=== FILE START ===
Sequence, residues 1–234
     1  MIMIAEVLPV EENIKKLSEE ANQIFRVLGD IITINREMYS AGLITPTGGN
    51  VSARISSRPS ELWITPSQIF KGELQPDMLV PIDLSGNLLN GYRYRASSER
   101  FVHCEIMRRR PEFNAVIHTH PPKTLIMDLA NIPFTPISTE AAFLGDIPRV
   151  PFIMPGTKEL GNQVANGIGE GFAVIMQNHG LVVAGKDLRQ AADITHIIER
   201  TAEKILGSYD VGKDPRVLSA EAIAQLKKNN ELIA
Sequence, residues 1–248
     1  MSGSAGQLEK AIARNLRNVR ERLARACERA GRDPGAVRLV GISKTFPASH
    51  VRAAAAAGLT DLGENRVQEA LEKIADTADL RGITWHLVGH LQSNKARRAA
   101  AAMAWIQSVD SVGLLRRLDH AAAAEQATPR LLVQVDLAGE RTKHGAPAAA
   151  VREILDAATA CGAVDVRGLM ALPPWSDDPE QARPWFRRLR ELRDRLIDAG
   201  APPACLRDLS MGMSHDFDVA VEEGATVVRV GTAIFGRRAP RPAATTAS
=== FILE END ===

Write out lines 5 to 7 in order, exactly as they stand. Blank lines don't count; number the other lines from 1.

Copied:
   151  PFIMPGTKEL GNQVANGIGE GFAVIMQNHG LVVAGKDLRQ AADITHIIER
   201  TAEKILGSYD VGKDPRVLSA EAIAQLKKNN ELIA
Sequence, residues 1–248